to witness tonight the light that’s left.
Indigenous Peoples in Kingston Today?
Today, Kingston continues to have a vibrant Indigenous population, with over 10,000 residents (approximately 8% of the population). Our current day population has Indigenous peoples from many different Indigenous cultural backgrounds – Anishinaabe, Haudenosaunee, Mi’kmaq, Métis, Lakota, Huron, Sioux, Inuit, Cree, Stó:lō, and many more. The diversity of First Nations, Métis and Inuit peoples makes Kingston a centre of rich Indigenous cultural identity, knowledge, language, and tradition.
Within the diversity of Indigenous cultures in Kingston, there is a diversity of life experiences. Some Indigenous peoples have grown up in their First Nation, Métis or Inuit communities, following a traditional lifestyle and way of being. Others have grown up in urban centres and may not be as connected to their roots. There are also Indigenous communities that have a strong connection to religion (e.g. Christian, Catholic, Baptist, etc.) and may not follow traditional cultural practices at all. Regardless of the connection, we are all family and we are all connected to this land.
Cities have often been cast as places where First Peoples’ identity and with the growing number of first nation across urban landscapes of the country, researchers have been drawn to issues of poverty, cultural conflict and loss, with a view that cities and First Peoples. lives and cultures are incompatible.
A study shown that all members interviewed spoke to some extent about the challenges of the community at this time, and the craving for a distinctly safe and welcoming cultural base or hub. This call and desire for a place to practice traditional teachings, enjoy in social events and share in the learning and growth of all ages across the community appears to be more about an ownership of identity, than it was about ownership of space. As one interviewee offered, “to learn [my ancestral] language and traditions would make me feel more native.”
However, even without a communal cultural space, traditional healing drums, and women’s drum groups occur weekly at Street Health and Queen’s Four Directions Aboriginal Centre. The recognition of full moon ceremonies and water ceremonies also occur routinely across our vast region. Smudging as a respected aspect of First Nations and Métis communities can occur across the Queen’s University campus, and at St. Mary’s of the Lake Hospital, while the City of Kingston is in the process of enacting a protocol to establish smudging across all municipally owned sites.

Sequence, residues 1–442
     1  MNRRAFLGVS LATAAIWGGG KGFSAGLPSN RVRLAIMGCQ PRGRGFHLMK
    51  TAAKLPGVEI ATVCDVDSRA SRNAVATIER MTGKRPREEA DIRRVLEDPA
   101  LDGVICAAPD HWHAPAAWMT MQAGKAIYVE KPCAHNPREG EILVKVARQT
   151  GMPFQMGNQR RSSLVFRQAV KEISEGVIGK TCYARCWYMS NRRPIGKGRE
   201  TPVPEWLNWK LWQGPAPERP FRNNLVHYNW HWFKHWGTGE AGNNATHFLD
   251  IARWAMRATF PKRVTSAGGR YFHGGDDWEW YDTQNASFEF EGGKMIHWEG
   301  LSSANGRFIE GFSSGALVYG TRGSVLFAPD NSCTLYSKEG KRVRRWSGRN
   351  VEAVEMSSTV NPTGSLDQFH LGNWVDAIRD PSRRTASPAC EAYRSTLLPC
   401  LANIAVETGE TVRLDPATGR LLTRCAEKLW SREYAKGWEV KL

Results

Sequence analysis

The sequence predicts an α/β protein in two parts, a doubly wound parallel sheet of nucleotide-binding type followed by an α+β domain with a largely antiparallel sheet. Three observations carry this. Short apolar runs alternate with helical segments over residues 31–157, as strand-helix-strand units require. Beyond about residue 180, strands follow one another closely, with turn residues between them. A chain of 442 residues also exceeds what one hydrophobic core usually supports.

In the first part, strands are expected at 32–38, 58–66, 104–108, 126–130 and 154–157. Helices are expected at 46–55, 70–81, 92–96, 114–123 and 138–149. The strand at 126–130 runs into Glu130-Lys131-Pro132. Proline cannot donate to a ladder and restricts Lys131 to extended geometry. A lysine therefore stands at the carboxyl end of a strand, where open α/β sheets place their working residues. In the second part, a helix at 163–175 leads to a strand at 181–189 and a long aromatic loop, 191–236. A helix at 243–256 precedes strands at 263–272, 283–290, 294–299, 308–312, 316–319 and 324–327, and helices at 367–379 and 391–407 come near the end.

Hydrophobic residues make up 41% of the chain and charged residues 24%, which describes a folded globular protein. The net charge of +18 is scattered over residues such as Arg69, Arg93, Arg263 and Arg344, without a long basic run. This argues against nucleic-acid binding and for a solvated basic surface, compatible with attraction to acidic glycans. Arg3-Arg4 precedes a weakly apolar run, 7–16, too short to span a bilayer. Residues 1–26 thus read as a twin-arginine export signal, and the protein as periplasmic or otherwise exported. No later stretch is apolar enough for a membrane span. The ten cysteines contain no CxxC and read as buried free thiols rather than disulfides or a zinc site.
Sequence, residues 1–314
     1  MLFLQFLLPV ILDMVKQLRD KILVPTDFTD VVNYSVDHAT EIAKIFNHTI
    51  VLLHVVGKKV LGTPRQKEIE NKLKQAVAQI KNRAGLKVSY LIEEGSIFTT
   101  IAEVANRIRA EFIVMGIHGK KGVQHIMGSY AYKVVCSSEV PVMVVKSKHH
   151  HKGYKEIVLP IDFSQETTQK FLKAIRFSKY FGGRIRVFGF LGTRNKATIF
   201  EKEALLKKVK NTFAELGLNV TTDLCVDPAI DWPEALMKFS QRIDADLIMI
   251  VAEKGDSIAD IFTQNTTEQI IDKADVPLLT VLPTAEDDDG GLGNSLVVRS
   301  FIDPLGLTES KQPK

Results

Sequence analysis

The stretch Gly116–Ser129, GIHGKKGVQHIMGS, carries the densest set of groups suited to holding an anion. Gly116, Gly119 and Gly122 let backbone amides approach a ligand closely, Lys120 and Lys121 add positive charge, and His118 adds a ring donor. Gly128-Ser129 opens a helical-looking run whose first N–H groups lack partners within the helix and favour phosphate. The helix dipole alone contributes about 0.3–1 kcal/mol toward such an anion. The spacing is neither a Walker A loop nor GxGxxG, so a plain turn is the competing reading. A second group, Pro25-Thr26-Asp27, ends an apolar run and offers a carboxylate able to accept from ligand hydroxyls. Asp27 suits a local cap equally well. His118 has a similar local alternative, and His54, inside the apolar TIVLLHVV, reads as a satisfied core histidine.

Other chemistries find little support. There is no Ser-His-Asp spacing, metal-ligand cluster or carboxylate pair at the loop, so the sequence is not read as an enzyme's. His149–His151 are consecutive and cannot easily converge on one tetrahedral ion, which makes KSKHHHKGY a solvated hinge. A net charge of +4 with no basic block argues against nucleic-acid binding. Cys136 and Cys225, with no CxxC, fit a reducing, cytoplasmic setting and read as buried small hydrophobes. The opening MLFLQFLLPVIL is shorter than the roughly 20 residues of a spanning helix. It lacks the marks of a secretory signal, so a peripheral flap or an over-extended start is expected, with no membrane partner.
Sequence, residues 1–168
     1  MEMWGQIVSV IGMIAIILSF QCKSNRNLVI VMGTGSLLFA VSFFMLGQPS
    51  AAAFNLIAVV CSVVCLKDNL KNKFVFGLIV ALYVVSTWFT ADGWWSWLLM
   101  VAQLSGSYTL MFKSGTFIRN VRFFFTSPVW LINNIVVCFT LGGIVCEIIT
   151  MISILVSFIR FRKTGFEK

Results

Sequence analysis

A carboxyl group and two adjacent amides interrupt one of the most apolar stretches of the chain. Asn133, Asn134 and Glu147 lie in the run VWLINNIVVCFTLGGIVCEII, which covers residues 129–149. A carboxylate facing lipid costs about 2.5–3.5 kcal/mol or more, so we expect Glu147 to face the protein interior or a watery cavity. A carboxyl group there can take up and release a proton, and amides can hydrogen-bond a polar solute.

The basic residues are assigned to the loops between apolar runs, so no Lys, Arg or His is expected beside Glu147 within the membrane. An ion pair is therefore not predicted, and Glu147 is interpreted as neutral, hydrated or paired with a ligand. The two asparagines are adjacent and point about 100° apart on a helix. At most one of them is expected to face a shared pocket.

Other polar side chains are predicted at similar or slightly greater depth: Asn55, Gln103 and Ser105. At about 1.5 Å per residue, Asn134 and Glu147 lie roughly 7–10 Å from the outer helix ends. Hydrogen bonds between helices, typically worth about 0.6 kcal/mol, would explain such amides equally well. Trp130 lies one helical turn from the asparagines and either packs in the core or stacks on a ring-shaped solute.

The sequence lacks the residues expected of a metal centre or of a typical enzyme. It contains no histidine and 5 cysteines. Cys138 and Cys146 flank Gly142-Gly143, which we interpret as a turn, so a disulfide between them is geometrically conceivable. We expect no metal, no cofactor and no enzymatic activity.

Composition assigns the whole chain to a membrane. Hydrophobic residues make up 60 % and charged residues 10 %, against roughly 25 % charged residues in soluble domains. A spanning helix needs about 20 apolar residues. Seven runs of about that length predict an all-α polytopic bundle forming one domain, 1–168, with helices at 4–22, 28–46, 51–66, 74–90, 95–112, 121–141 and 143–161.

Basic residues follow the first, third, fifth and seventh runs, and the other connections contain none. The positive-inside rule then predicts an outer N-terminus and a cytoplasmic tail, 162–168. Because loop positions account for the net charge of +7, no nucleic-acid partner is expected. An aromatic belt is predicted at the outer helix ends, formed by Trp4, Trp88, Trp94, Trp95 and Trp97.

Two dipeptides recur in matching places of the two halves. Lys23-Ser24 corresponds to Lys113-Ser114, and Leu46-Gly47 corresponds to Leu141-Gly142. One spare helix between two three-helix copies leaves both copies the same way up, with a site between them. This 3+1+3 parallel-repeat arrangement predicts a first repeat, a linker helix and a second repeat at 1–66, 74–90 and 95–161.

Some experiential efforts are also looking to help inform and educate both First Peoples and Settlers about modern identities and ideologies. One such initiative includes the annual summer Flotilla for Friendship, which has joined officers from the Ontario Provincial Police, the RCMP, the Gananoque Police Service, Tyendinaga Mohawk Territory Police, the Brockville Police, the Kingston Police Force and First Peoples youth from the Kingston’s Katarokwi Aboriginal School and Friendship Center over the last three years to journey together down the Rideau Waterway by canoe.
Another effective effort is seen in the Aboriginal Youth Leadership Program offered through Four Directions Aboriginal Centre at Queen’s which offers to diverse intermediate and secondary level youth across our community, traditional voices, drummers, singers, craftspeople and elders to expand and grow in their identity while being true to tradition throughout the school year. This program is a good partnership role- model in that various profit and non-profit agents have committed to supporting this program initiative, including Queen’s Varsity Lacrosse Association, the Canadian Tire Jumpstart program, Right to Play, the Bank of Montreal and Kingston’s Community Foundation.
Queen’s University is trying to support this aspect of identity with the offering of courses in Inuktitut and Mohawk. A weekly language nest or group gathering opportunity is also being offered as a community initiative sponsored through the Kingston Community Health Network. Moreover, the Aboriginal Family Literacy Circle Newslet s also a unique source of teachings, readings and language challenges provided electronically each month. As one Mohawk interviewee offered after relearning her ancestral language, and now being a teacher of the language to others, “the language put [the whole of my identity] all together for me”.